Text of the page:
Evyn swallowed.  Though the stranger had just saved his life (and seemed "good" enough), there was something about her... something he couldn't quite put his finger on.  Of course, he considered, an enemy was probably a lot worse to make of her than a friend.  "She's just a little... numb."  He answered, his voice shaking slightly.
        "I guess I see that..." Shadow gazed at the young girl, her eyes so far away.  There was something so sad and disturbing about it, and the more she looked the more she realized Evyn had a softer version of the same expression.  Nothing to lose and nothing to live for, she met his stare and asked, "You two in some sort of trouble?"
        "How did you..." He began, but promptly shut his mouth.  Friend or not, he didn't think it wise to start discussing personal matters with someone he just met.  Most especially with someone so... odd.
        Shadow looked at herself, as if for the first time.  She realized how horrendously evil she must have appeared.  "Yes, I'm a freak in my world, too..." she heard herself saying.
        "Is that... a bad thing?" he stuttered.
        She looked up at him and appeared to think for several seconds before she answered.  "Not a bit."  Her gaze shifted to the staring blond girl for just a second.  "Well... I guess I better go."
        "Do you have anywhere to go?" Evyn asked, only curious.  He couldn't have fathomed her having a place in the entire world.
        "No."  She answered honestly.  She grasped his hand before he could say anything, have a chance to think to say anything, and shook it again.  "Nice meeting you, Evyn."  She turned and started to walk down the path in front of her.  There was no point in standing around just deciding where to go, so she went where her heart told her to: "that-a-way".
        Evyn stood stiffly, numbly, watching her.  Instinct dictated that strangers were all bad people, just as their parents had taught them.  But he couldn't deny something about the stranger that he found almost... charming.  Safe, in a way.  He bit his lip and pondered, finally deciding that if they were all going the same way anyway, they may as well travel together.  After all, she'd taken pretty good care of one monster, and there was no telling how many others were out there.  He looked at Taerlyn, took a deep breath, and decided to take the chance.
        "Wait... Shadow."  He called softly.
        She stopped and looked back at him, questioning eyes drilling him for only an instant with suspicion.  She answered just as softly as he had called her, "Yes?"
        He gathered his various shoulder packs from the ground where he'd dropped them as he talked.  "We're going that direction.  Maybe we should go together..."
        "Well that's kind of you."  She said honestly.  "Where are you headed ultimately?"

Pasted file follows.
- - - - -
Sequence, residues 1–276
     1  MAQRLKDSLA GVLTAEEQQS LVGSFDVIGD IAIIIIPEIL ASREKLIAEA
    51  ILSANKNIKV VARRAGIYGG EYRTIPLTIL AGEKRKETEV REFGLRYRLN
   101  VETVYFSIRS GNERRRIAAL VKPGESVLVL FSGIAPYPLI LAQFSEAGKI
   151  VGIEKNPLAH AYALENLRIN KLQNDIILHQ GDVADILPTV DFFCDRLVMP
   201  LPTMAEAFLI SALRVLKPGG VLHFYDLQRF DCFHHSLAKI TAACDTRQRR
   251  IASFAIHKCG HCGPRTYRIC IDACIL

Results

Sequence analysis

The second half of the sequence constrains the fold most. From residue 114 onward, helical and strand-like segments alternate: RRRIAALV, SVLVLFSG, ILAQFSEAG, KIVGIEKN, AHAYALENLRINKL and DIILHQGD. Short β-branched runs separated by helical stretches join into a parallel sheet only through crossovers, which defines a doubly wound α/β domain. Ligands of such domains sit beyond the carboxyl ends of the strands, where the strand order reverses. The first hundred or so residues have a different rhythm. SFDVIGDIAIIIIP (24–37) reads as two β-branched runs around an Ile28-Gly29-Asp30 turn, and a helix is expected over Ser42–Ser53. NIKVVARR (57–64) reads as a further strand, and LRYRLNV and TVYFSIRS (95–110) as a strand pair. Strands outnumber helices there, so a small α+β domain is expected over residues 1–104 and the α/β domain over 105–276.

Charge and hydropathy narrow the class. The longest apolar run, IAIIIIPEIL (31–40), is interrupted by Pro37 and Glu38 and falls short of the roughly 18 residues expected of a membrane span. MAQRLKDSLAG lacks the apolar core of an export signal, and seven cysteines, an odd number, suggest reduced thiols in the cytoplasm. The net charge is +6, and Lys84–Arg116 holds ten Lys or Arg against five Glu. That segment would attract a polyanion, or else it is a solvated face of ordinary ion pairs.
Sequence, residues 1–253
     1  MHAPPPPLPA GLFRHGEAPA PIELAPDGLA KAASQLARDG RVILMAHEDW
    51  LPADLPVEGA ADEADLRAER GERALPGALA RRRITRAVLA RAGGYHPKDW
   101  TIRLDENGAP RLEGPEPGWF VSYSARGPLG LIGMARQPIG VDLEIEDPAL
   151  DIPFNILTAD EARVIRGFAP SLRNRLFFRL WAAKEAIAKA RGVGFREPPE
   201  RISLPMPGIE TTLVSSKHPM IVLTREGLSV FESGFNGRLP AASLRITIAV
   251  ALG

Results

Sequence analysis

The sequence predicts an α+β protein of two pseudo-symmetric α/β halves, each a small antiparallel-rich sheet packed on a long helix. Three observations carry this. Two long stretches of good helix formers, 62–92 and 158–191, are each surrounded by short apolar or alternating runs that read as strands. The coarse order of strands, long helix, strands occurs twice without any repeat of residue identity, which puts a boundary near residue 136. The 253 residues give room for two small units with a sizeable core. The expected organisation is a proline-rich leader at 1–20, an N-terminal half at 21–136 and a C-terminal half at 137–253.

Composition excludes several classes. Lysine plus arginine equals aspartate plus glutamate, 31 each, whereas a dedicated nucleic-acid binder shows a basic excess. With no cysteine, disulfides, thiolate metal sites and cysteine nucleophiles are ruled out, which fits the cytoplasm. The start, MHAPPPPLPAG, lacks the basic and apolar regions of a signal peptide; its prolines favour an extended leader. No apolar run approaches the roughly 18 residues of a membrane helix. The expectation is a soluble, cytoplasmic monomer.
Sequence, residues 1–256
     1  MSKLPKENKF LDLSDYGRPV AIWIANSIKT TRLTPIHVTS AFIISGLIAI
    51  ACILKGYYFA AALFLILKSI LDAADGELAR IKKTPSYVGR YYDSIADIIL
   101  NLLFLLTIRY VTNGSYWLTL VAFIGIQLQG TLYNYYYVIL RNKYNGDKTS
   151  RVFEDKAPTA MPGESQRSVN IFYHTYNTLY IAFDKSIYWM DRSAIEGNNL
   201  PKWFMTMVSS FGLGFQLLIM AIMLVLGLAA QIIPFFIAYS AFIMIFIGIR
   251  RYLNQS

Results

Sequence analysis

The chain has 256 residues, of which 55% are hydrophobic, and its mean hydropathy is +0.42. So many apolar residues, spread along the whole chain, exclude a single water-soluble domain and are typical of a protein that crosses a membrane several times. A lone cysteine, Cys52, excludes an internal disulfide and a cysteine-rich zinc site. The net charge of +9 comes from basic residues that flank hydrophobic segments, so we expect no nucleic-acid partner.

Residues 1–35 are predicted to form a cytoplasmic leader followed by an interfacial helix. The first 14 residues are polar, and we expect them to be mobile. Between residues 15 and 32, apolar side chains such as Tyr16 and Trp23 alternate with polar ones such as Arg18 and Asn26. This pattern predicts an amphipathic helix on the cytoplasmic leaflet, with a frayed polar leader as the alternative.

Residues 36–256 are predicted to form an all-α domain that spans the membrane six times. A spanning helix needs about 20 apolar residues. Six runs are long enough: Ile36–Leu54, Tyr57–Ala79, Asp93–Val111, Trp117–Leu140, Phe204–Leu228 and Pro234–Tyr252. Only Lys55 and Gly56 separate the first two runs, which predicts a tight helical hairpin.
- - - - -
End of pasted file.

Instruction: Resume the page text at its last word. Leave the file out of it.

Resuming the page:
He looked up and pointed over the large hill that made the horizon on which the path followed.  "Tenteron.  It's not very far."
        Shadow tilted her head and watched him gather all of his stuff, seeming to be a bit overloaded with it.  She walked over, glancing out of the corner of her eye a nearly motionless girl.  "I can manage a few of those if you have trouble."  She offered.
        Though he was raised a boy of manners, Evyn was becoming incredibly tempted to let someone else hold something to ease his shoulders.  Before he could decline, the stranger simply grabbed two of the water carriers off of his shoulder and threw them over her own.  She was almost instantly sorry, as the combined water and backpack felt incredibly heavy with no help from being in full sun, wearing all black.
        He didn't bother protesting.  It seemed that he was already getting a bit used to the newcomer, but reminded himself that she was still possibly dangerous.  Looking hopelessly to Taerlyn, he took his sister's hand.  A chill claimed his body as he felt hers in return, cold and limp, and gently pulled her along.
        After a few steps toward the hill, Shadow cleared her throat softly.  "I really don't mean to force my way in but I will admit a curiosity of your situation..."  She grinned slightly, a friendly but somewhat unsettling gesture.
        He considered answering her deeply.  The rational part of him had been severely pressed back by his "what the hell, it's all over anyway" attitude, and he felt he couldn't help but respond.  "Our parents were just killed... we're on our way to... find something to do..." he sighed, looking at the path right in front of him.
        She make an indistinct sound of acknowledgment.  "That sounds pretty awful, I admit."
        "And what are you doing here?"  he returned simply, the question having burned in his mind.
        She laughed very softly.  "Honestly, I have no idea.  I just kind of arrived here from another world.  But I already like this place better."
        Evyn was rather stunned by her answer, and couldn't think of anything else to say.  All three of them trudged onward restlessly for at least two hours before finally cresting the hill... and the sight slightly below and a mile ahead took their breaths away.  Tenteron was encased in vastly stretching walls of gleaming gray stone.  With a glance exchanged between Shadow and Evyn, they silently descended upon the city.

Content copyright Orin Drake 2011.